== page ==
Independent University of Moscow

The Independent University of Moscow (IUM) (Russian: Независимый Московский Университет (НМУ)) is an educational organisation with rather informal status located in Moscow, Russia. It was founded in 1991 by a group of Russian mathematicians that included Vladimir Arnold (chairman) and Sergei Novikov. The IUM consists of the departments of mathematics and theoretical physics and the post-graduate school. Anyone can attend lectures and seminars and become a student after passing three exams.[citation needed].

Independent University of Moscow
Независимый Московский Университет
IUM Building.JPG
PresidentYulij Ilyashenko

It is a non-governmental educational institution for the training of professional mathematicians, acting by a higher education institution type.[citation needed]


The IUM is located in a building in central Moscow. The address is 11 Bol. Vlasievskii per., a small street near the Arbat and within walking distance of the Kremlin, the Bolshoi Theater, the Russian State Library, the Pushkin Museum, and the Cathedral of Christ the Savior. In addition to lecture halls and classes, the IUM building has a library, a computer lab, a cafeteria, a small publishing house, and a book shop for math books.[citation needed]

IUM is the home of the Math in Moscow study abroad program, a one-semester course in mathematics and computer science. Students from the United States and Canada are eligible for the program, and courses are taught in English by Russian mathematicians. The American Mathematical Society offers several scholarships each semester to help cover tuition.[citation needed]


The Independent University of Moscow was founded in 1991 by a group of academics, professors and mathematics teaching enthusiasts (V.I. Arnold, S.P. Novikov, Y.G.Sinai, L.D. Faddeev, V.M. Tikhomirov, R.L . Dobrušin, and others). P. Deligne and R. MacPherson also played roles in the creation of the university, along with N.N. Konstantinov, the teacher and organizer of mathematical olympiads. Since 2000, Yulij Ilyashenko has served as the president of the IUM.[citation needed]

Since 2001, the IUM operates a program for foreign students called Math in Moscow. The American and Canadian Mathematical Societies award scholarships for those wishing for a year or a semester to study mathematics at the IUM. The IUM also operates an exchange program with the Ecole Normale Supérieure in Paris and fifth-year graduate students have the opportunity to IUM for a month to study at Ecole Normale, and French students at IUM. In 2002, it opened a joint French-Russian Laboratory (Laboratoire J.-V. Poncelet).[citation needed]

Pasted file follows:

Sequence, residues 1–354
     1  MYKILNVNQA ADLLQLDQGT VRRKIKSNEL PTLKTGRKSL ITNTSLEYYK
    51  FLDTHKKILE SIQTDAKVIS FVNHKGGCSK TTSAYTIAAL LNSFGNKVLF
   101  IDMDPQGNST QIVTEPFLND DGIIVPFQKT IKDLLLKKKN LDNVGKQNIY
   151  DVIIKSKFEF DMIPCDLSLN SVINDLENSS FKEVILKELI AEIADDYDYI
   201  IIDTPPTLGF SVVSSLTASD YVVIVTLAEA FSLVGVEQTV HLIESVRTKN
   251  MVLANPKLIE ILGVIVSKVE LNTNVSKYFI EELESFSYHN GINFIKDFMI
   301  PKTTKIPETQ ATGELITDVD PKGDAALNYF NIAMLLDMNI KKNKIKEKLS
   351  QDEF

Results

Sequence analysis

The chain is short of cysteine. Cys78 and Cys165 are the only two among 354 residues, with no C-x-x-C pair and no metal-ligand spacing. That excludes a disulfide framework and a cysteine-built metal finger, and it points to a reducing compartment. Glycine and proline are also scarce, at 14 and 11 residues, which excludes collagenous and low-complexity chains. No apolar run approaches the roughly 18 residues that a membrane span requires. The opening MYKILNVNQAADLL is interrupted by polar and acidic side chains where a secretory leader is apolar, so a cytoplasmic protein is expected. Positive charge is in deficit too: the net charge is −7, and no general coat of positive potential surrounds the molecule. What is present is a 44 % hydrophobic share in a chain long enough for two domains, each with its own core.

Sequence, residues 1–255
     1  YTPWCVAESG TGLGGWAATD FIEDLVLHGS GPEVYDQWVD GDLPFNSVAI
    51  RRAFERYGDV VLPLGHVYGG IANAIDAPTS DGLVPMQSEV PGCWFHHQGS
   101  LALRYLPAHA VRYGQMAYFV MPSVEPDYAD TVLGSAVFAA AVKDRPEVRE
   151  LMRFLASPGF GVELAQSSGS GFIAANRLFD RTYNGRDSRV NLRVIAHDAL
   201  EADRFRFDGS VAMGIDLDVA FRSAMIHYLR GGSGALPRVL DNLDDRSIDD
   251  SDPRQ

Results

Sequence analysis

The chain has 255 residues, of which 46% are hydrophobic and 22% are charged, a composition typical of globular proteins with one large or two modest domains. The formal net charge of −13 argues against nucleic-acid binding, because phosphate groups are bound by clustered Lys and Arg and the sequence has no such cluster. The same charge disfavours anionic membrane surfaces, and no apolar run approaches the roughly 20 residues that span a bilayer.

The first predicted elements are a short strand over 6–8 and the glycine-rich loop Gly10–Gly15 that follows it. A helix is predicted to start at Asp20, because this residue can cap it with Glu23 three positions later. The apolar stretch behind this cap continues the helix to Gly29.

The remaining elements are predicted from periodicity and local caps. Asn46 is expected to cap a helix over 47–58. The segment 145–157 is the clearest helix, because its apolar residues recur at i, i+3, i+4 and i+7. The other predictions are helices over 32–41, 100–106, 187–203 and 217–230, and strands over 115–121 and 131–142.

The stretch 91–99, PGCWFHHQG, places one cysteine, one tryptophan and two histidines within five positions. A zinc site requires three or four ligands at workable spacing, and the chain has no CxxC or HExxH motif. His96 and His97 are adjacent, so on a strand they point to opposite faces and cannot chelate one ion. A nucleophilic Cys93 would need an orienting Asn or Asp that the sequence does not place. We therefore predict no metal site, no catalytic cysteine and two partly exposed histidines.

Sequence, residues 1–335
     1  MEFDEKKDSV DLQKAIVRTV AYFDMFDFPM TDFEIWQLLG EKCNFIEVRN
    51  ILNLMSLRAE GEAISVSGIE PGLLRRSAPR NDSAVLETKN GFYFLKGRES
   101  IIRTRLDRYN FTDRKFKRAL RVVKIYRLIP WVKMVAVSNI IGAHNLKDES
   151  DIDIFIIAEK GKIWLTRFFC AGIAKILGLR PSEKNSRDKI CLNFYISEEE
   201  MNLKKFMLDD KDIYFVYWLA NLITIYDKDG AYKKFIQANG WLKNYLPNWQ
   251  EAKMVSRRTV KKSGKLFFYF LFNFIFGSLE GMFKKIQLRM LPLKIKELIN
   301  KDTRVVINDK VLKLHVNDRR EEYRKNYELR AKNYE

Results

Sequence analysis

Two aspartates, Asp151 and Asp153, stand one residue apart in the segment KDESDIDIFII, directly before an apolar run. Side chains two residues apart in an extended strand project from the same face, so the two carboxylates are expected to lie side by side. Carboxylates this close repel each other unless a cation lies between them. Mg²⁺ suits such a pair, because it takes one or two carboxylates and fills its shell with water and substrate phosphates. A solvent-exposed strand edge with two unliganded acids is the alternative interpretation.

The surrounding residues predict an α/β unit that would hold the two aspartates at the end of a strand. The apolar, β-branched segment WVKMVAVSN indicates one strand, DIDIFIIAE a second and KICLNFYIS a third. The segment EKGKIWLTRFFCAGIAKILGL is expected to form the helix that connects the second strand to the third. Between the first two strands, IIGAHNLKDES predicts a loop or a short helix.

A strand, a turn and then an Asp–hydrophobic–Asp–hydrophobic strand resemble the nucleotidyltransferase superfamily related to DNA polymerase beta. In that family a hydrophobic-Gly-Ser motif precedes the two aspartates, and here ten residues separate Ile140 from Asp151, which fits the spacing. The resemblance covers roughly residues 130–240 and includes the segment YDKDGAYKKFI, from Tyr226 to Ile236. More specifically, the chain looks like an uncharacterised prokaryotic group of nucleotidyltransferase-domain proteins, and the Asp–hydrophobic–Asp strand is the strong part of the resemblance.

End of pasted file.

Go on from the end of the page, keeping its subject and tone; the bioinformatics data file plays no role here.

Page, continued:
IUM is a structural subdivision of the Moscow Center for Continuous Mathematical Education. IUM offers a free 5-year course of study (student has the right to reduce or increase the actual period of study, based on your personal needs and interests), and (since 1993), post-graduate courses.[citation needed]

Education in the IUM is based on the following principles:

  • There are no entrance exams.
  • Any person can freely attend the classes.
  • A non-resident student who successfully passes three exams, becomes a resident student of the university. A resident student must pass at least 3k - 3 courses to complete k-th semester.
  • To graduate, the student must fulfill all the credits, both for the mandatory and elective courses, and defend a thesis.

Many mathematical organizations around the world recognize the university diploma, including, for example, Steklov Institute of Mathematics and Harvard University.[1]


  1. ^ Elena Yakovleva (2008-02-13). "Talent for import". Rossiyskaya Gazeta. Archived from the original on 2014-02-22. Retrieved 2014-02-06.

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55°44′47″N 37°35′24″E / 55.7464°N 37.5899°E / 55.7464; 37.5899